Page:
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Dr. Irene S. Levine

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Drawing Lines In the Sand After a Friendship Breakup

Posted: 08/03/11 12:13 PM ET

QUESTION

Hi Irene,

I had a very painful falling out with a really close friend several months ago. Being somewhat older than me, this woman was like a mother and I really looked up to her. When she decided to write me off, I felt terribly hurt and betrayed. I am working on the old wounds this friendship triggered for me in therapy, and am trying to reconcile what was my part in order to not make the same mistakes again.

My struggle is that my boyfriend, who met this ex-friend through me, still wants to be friends with her. We all used to hike and do other activities together and his take is that the breakup was not between him and her, but her and me, and why should he be punished for our mistakes? I find his lack of understanding of the situation and loyalty to me disturbing. Am I off base here?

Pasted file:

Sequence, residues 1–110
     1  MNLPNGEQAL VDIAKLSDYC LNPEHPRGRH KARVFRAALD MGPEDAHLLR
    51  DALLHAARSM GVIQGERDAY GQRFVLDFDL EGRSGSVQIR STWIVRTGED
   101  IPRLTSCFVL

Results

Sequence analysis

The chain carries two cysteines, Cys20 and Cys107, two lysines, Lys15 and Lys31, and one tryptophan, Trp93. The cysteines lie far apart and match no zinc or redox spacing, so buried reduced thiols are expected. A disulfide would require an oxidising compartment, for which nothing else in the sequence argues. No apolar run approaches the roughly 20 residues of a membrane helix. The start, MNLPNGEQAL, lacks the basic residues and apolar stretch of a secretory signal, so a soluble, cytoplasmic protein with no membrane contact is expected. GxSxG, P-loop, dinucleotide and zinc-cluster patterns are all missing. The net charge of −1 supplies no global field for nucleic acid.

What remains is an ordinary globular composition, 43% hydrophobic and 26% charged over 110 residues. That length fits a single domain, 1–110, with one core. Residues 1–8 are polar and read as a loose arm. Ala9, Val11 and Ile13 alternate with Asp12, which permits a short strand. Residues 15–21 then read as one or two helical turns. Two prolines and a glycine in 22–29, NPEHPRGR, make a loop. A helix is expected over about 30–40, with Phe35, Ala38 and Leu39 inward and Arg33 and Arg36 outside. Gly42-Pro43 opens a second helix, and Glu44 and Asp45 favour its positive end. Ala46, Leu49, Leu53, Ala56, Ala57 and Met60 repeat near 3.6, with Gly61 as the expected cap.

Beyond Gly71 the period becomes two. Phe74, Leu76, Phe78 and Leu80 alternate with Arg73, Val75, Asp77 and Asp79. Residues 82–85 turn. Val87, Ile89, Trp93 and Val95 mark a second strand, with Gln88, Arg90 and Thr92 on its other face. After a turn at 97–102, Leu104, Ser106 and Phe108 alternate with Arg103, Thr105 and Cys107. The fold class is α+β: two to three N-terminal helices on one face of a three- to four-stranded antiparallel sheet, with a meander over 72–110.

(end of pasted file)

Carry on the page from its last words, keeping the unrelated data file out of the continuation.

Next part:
Signed,

Cyndy

ANSWER

Hi Cyndy,

Given that you feel so hurt and betrayed by your friend, it's legitimate for you to feel uncomfortable if she and your BF maintain a relationship without you. I'm struck by your boyfriend's insensitivity to your feelings.

Although the three of you did things together in the past, the threesome arrangement no longer exists. By virtue of the breakup, everyone has been placed in the position of reassessing loyalties and lines of communication. While your BF may not harbor any animosity towards your once-friend, his priority should be to support you during this difficult time.

Since you are trying to better sort out and understand what happened and why in therapy, it seems reasonable to ask your BF to put his friendship with her on hold. I would encourage you to speak to him further and find out why he is stuck on maintaining this relationship with your once-friend.

Hope this helps.

Best,

Irene

You may also be interested in reading these prior posts on The Friendship Blog about allegiances after a breakup: "When a friendship breakup spills over to family", "Why breaking up is SO hard to do ", and "Can collateral damage be avoided in a breakup?".

 
 
 

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